Visitors to the reading room at Hill Memorial Library can now view a selection of materials from several recently processed collections. These collections, while small, contain a wealth of information for researchers, and provide an example of the many new resources becoming more readily accessible at Special Collections. The display also places a spotlight on African-American history, from the antebellum period through the early 20th century. Selections include:
William Newton Mercer Inventory and Slave List, Mss. 5210
While slave lists are common to the antebellum plantation records in LSU Special Collections, less frequently seen are inventories that include slaves’ surnames. Many slaves did use surnames that were passed on through generations of families, and often retained if sold to a new owner. In most cases, these names were not recorded. At large plantations, however, the sheer number of slaves sometimes prompted their use in record keeping. One such inventory is found in a booklet entitled, “List of Negroes,” dating to 1846, which records slaves at three of William Newton Mercer’s plantations. A physician and native of Maryland, Mercer established a medical practice in Natchez, Mississippi, and owned numerous properties including Buckhurst, Ellis Cliffs, and Ormande plantations in Adams County. Alongside names, ages, and family relationships, the book lists surnames for some, mostly male, slaves.
Martin Morris Correspondence, Mss. 3699
Martin Morris, a native of Napoleonville, Louisiana, served as an army corporal in the 812th Pioneer Infantry during World War I. African-American soldiers were most often relegated to these types of service units, where individuals were trained in both regular infantry tactics as well as “pioneer” duties: performing construction and engineering work such as building fortifications, camps, and roads. The 812th was one of 16 Pioneer regiments with black enlisted personnel, formed as replacements for white units converting to regular infantry.
While in training at Camp Grant, near Rockford, Illinois, Morris wrote home to family members in Louisiana, expressing an ambivalence toward the army that was common among African-American soldiers. In a September 7, 1918 letter to his father, Morris describes his desire to “make a man” of himself, and comments that “this is a very fine place here, a man is a man. I mean a colord [sic] man is as much as a white one,” but “not as much in some respects.” Other letters describe military life, playing in the 812th Infantry band, and Morris’ health, as he addresses fears about frequent outbreaks of the pandemic “Spanish flu,” which led to a quarantine at Camp Grant.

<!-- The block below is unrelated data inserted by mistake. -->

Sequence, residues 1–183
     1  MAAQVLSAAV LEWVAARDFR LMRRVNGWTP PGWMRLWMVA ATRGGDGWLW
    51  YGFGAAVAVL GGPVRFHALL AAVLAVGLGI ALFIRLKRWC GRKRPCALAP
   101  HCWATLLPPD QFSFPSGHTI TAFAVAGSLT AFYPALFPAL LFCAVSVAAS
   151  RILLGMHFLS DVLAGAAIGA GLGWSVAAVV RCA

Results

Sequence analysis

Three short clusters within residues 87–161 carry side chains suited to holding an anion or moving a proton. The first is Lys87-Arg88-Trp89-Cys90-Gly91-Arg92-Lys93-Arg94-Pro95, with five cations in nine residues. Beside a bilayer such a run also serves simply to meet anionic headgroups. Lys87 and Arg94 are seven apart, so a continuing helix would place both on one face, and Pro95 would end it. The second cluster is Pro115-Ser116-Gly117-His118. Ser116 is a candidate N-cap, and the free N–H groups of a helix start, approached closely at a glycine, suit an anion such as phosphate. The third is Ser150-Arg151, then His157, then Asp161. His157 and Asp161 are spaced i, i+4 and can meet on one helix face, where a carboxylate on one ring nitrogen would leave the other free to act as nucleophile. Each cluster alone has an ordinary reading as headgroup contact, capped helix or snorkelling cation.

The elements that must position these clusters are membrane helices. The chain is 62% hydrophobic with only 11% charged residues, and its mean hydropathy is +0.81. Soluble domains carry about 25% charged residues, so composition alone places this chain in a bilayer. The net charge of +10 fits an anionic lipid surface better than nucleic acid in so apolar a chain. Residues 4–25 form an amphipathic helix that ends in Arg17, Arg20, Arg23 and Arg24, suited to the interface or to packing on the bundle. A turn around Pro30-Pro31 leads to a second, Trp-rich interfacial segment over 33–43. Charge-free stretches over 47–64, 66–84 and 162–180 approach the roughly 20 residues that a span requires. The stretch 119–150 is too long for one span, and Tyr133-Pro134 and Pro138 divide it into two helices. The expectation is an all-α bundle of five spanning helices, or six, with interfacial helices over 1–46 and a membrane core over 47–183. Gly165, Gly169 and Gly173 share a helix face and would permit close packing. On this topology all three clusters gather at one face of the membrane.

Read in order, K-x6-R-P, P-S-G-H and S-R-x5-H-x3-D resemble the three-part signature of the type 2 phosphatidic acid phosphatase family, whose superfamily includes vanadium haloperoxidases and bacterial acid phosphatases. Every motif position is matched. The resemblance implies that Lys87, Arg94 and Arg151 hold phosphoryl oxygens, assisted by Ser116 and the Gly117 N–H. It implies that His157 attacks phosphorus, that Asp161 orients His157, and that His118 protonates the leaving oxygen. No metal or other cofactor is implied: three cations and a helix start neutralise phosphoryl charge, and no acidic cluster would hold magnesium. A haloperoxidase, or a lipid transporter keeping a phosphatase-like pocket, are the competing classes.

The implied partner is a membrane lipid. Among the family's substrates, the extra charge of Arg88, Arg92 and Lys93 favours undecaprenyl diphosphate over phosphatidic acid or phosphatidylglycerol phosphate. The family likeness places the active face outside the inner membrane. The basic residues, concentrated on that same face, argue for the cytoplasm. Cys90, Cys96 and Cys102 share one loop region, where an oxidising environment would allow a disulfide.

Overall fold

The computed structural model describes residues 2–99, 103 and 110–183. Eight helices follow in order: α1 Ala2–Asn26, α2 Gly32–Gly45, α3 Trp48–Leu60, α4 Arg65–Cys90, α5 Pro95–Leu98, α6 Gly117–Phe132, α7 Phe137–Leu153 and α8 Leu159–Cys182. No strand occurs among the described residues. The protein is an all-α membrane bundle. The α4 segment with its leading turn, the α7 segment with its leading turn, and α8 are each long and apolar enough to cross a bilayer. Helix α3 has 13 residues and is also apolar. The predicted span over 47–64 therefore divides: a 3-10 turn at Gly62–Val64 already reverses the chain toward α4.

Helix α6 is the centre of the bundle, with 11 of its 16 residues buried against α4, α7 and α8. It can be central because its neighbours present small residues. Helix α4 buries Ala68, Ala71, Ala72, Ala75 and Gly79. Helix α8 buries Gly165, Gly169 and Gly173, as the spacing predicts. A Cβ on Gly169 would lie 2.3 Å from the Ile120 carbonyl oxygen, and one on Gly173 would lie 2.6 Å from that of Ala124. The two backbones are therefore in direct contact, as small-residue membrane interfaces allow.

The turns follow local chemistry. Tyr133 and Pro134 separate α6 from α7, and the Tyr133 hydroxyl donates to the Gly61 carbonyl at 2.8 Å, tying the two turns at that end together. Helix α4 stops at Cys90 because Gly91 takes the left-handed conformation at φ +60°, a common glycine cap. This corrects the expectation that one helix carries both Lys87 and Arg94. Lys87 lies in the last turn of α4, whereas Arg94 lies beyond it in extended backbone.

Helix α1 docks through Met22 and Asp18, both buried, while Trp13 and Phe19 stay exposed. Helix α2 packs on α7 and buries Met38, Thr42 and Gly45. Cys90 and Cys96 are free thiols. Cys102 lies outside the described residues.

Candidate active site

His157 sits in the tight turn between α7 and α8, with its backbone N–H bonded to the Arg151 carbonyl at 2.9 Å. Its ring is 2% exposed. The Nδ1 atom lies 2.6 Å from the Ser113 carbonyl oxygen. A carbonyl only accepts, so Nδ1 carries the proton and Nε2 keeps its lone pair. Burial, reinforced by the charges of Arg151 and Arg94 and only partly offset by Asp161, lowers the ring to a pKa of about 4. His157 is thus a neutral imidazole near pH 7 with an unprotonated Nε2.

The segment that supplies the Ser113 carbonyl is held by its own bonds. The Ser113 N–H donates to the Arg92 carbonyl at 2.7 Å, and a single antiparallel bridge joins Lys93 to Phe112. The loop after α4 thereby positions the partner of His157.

Samuel Parkhurst Ward Papers, Mss. 3540, 3699
The Samuel Parkhurst Ward Papers consist primarily of account books belonging to Ward, a doctor, Indiana native, and resident of St. Landry Parish. Similar to customer accounts for store goods or merchandise, these ledgers track patients, medical visits, and records of medicine dispensed by Ward. Numerous entries mark medical visits to slaves, listed under overseers’ accounts. These brief descriptions give insight into medical care for slaves prior to and during the Civil War. Other materials in this collection, which range from 1859-1906, include clippings and notes on politics, local community news, and remedies for livestock diseases.
Fournier Family Photograph Album, Mss. 3540
In addition to these written inventories, a number of photographs are among newly processed collections adding visual depth to manuscript sources. The Fournier Family Photograph Album contains nearly three dozen photographs belonging to the Fourniers, an African-American family. Although little is known of the family’s history or photographs’ origins, the album, consisting mostly of tintype portraits from the later 19th century, gives us vivid images from this time in Louisiana’s past.